[ntp:questions] Re: ntp performance, jitter, etc and its implications for test/verification of a timing source

Richard B. Gilbert rgilbert88 at comcast.net
Mon May 8 13:51:44 UTC 2006


Jim Cromie wrote:

> Richard B. Gilbert wrote:
> 
> thanks Richard
> 
>> Jim Cromie wrote:
>>
<snip>

>>
> Let me re-explain what Im after.
> 
> I could shutdown ntpd, and let the hardware timer free-run.
> Id expect the frequency to go its natural way, so without the correction 
> under lock,
> it would end up with a different time, and I could compute PPM error 
> from the duration and the diff.

Ntpd already does exactly that.  Do you think you could somehow do it 
better?

> Ive told the clocksource driver that the hardware is a hires timer at 
> 1.000000 Mhz, which is
> somewhat inaccurate.  I want to add/subtract some tiny amt so that when 
> the free-running
> hardware timer, driven by a crystal, rolls over, its treated as 
> X+epsilon nanoseconds,
> not just X
> 
> Id rather not wait 12 hrs to get a reasonably accurate number,
> so Id like to take some number (the 'correction') from ntpd itself and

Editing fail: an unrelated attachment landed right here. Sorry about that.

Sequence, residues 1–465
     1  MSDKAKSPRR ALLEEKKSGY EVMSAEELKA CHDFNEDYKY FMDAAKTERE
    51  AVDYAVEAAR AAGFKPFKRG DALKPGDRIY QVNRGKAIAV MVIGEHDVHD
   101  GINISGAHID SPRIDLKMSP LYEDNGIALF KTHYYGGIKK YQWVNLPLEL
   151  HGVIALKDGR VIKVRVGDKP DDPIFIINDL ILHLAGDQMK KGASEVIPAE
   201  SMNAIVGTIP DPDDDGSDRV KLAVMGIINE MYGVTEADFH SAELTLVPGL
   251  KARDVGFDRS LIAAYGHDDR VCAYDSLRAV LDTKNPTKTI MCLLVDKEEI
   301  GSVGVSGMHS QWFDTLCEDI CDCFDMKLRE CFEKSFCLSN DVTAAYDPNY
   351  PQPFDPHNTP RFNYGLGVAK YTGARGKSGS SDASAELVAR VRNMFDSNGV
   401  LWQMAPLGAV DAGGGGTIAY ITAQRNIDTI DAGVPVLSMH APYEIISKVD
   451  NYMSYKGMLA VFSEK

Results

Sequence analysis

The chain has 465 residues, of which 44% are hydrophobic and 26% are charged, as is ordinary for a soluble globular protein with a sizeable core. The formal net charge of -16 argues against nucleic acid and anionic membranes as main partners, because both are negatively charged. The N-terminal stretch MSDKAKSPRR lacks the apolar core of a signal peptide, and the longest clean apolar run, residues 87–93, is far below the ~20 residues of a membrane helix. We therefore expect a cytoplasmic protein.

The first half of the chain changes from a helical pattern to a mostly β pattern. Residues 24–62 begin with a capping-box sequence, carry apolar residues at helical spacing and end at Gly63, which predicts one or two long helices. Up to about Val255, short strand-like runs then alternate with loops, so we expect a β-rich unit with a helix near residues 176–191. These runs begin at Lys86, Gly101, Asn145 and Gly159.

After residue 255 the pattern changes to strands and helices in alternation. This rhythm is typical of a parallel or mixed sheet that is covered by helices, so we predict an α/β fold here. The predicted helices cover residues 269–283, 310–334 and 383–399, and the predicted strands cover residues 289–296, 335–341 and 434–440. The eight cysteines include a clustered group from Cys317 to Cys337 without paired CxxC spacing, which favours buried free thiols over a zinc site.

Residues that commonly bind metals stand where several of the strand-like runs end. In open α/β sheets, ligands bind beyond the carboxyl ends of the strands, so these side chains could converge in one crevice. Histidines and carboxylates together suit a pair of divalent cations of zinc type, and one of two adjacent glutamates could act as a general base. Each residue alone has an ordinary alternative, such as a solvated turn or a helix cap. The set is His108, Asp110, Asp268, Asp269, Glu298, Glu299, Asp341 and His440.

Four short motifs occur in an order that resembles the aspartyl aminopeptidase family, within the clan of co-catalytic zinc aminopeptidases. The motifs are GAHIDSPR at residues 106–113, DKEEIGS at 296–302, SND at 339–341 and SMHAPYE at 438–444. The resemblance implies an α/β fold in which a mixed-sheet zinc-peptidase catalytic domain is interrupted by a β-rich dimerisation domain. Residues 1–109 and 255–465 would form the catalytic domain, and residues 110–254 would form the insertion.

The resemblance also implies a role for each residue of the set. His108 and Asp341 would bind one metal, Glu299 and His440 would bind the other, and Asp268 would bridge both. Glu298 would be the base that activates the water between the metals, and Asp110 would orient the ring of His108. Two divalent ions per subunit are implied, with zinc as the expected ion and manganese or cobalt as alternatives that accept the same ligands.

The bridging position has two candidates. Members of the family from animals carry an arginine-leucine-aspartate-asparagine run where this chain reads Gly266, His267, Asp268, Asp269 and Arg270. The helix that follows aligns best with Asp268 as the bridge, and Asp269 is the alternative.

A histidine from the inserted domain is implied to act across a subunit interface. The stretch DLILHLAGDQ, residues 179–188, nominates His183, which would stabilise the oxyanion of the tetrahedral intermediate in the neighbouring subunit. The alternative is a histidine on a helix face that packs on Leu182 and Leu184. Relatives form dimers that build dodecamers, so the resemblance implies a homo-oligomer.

> compute the free-run freq
> from it.  One of the numbers in the ntpd state represents the frequency 
> correction.
> 
What leads you to believe that the correction is a constant?  The 
oscillator frequency varies with the temperature, the age of the 
crystal, and perhaps other things as well. If the correction were a 
constant, nobody would bother to run ntpd; they would just measure the 
clock drift, compute the correction and apply it.

Nothing you have said here tells me how you are going to get the number 
of nanoseconds to add to "correct" the rollover time of your crystal 
clock!   You haven't shown anything that will measure nanoseconds!! 
Each "tick" of your 1.000000 MHz oscillator is 1000 nanoseconds!!!

Ntpd, with a GPS Timing Receiver as a reference can come close to 
microsecond accuracy.  The GPS, itself, only guarantees that the leading 
edge of it's Pulse Per Second (PPS) output is within +/- 50 nanoseconds 
of the top of the second.

Either I totally misunderstand the what and how of what you are trying 
to do, or you do!




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